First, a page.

The Tyranny of Cliches: How Liberals Cheat in the War of Ideas – A Review

June 26, 2012
By

The Tyranny of Clichés: How Liberals Cheat in the War of Ideas
Jonah Goldberg – New York: Sentinel HC, 2012, 320 pp

In 2011, Proposition 103 was presented to Colorado voters as a means to temporarily raise taxes while using the proceeds to increase spending in public schools. One day, I was discussing with a liberal acquaintance of mine how I felt that this was a bad idea due to the poor economy and the fact that it was highly unlikely to be a “temporary” tax hike.

Expecting a rational counter-point to be made on why I might be wrong, my friend hit me with a well-worn cliché . . . it’s for the children. And with that, the discussion was over.

In one fell swoop, my objections were minimized from a logical look at taxing and spending to the moral equivalent of child abuse. In my friend’s mind, being opposed to the measure was tantamount to hating children and depriving them of basic needs.

As I read Jonah Goldberg’s latest book, The Tyranny of Clichés: How Liberals Cheat in the War of Ideas, I was reminded of this incident (“Youth” is one of the chapters) and how common it has become by the left to shut down any discussion with a well-worn (or worn-out) cliché. Take a look at some of the clichés Jonah tackles in his book and the clever way he deals with them:

  • One man’s terrorist is another man’s freedom fighter – Sure, if the other man is an idiot. Was Martin Luther King Jr. a terrorist? Was Bin Laden a freedom fighter?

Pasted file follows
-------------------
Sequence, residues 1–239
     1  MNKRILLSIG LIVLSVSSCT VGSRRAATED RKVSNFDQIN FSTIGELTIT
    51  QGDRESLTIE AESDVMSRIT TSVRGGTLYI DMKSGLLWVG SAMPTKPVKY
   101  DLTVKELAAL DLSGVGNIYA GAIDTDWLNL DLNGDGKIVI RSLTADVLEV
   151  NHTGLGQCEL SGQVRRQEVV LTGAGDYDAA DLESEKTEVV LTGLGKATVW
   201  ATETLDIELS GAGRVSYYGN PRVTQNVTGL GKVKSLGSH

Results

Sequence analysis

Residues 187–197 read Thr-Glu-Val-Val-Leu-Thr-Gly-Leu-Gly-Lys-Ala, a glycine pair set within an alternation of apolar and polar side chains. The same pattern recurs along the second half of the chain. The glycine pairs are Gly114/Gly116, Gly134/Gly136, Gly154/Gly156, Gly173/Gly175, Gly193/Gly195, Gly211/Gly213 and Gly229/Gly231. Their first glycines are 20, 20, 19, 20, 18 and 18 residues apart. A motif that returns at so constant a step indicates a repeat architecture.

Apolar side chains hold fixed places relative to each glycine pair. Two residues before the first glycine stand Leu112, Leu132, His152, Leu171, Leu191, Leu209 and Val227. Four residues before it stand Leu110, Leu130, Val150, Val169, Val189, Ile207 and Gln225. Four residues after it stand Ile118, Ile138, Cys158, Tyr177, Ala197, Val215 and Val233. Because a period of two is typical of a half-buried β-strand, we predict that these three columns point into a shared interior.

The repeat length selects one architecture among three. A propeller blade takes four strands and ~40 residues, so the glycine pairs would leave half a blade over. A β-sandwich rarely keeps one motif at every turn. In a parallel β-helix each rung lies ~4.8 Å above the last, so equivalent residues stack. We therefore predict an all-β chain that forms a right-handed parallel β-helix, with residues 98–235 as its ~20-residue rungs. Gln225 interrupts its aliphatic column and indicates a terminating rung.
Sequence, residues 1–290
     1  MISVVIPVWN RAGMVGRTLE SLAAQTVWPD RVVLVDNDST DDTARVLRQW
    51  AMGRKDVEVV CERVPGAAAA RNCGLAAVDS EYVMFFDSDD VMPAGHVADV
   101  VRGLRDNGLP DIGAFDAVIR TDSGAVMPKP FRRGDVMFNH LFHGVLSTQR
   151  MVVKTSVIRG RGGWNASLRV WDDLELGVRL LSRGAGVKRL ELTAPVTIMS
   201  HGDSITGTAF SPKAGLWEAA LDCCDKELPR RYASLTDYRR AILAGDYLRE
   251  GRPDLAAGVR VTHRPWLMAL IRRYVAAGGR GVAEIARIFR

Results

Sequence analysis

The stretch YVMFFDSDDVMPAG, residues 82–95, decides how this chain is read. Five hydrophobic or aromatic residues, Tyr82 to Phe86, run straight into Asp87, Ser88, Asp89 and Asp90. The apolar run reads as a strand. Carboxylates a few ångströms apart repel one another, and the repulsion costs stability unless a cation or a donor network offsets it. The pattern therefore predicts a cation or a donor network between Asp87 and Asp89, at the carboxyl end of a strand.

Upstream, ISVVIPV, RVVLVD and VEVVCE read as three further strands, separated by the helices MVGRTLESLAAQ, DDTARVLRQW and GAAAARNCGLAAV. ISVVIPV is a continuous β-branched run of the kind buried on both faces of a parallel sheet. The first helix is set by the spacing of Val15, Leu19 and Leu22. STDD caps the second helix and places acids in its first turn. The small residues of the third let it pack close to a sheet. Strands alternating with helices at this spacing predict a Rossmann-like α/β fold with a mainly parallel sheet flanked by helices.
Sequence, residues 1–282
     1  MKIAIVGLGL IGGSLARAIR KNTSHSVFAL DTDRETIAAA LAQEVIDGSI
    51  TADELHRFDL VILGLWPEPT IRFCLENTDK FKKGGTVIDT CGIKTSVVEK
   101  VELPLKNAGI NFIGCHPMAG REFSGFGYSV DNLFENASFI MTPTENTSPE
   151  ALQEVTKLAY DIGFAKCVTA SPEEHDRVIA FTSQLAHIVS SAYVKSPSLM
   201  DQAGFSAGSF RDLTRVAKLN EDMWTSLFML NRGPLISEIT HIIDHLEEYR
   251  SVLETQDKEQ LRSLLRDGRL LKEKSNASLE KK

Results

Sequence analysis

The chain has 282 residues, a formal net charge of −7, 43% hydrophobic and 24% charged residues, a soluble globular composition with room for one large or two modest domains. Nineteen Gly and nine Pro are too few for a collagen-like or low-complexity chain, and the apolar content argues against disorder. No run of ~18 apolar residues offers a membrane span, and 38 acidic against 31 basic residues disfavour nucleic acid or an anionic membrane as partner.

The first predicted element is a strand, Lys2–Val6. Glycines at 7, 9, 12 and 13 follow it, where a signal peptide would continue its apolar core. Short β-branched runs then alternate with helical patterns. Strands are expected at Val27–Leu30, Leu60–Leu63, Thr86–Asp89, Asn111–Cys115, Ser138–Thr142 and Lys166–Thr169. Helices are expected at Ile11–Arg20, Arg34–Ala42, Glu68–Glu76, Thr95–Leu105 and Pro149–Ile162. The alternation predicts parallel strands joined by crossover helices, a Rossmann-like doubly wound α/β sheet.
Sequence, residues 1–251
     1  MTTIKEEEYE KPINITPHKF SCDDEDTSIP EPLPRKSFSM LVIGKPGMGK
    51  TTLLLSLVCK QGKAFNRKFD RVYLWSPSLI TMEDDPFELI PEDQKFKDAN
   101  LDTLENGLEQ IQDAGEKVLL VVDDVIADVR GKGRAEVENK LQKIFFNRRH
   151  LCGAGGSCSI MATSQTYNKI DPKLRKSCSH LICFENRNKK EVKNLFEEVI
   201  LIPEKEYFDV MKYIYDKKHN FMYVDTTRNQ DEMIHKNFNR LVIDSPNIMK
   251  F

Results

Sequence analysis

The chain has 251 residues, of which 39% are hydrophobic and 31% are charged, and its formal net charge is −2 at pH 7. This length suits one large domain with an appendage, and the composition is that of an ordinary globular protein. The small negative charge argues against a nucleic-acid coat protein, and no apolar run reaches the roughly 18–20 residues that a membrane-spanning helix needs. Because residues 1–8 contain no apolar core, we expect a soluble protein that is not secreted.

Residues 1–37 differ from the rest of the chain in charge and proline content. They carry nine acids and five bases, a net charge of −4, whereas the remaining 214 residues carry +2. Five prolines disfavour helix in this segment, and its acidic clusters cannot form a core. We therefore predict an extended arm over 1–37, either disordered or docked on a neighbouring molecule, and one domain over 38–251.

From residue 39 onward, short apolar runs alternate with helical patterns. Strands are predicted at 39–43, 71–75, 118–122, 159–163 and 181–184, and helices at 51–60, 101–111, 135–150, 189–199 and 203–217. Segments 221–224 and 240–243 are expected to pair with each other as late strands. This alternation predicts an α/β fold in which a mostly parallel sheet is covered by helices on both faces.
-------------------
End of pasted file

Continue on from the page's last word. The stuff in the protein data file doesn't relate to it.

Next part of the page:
• Violence never solves anything – Really? It solved our problems with King George III and ended slavery.
  • Better ten guilty men go free than one innocent man suffer – So I guess you won’t mind if those ten guilty men move next door to you.
  • Diversity is strength – Cool, then the NBA should have a quota for midgets and one-legged point guards.
  • We need complete separation of church and state – In other words, all expressions of faith should be barred from politics . . . except when they support liberal programs.

As you can see, Jonah injects his own style of sarcastic humor to make a point – something the Strident Conservative can appreciate – but Goldberg doesn’t stop there.

Jonah Goldberg reveals that much of what passes for non-ideological common sense is in fact either pithy hogwash or camouflage for a more radical agenda progressives are unwilling to defend openly. From the floor of the Senate to the Occupy protests, he shows how progressives tend to repeat empty phrases while pretending they’re simply advocating for common sense.

I thoroughly enjoyed this book and wholeheartedly recommend it to my conservative friends and even my liberal friends, though I doubt they will embrace it for the truth it reveals. The Tyranny of Clichés: How Liberals Cheat in the War of Ideas will challenge you to stop accepting these aphorisms and equip you to engage the other side.

In the words of Goldberg, “democracy is about disagreement.” As we approach the most important election in our lifetime, you need to be aware of the clichés yet to come and how they will be used to influence the electorate. While every cliché is sprinkled with some truth, you don’t want to allow them to be used to close the argument – instead, you want them to begin the discussion.

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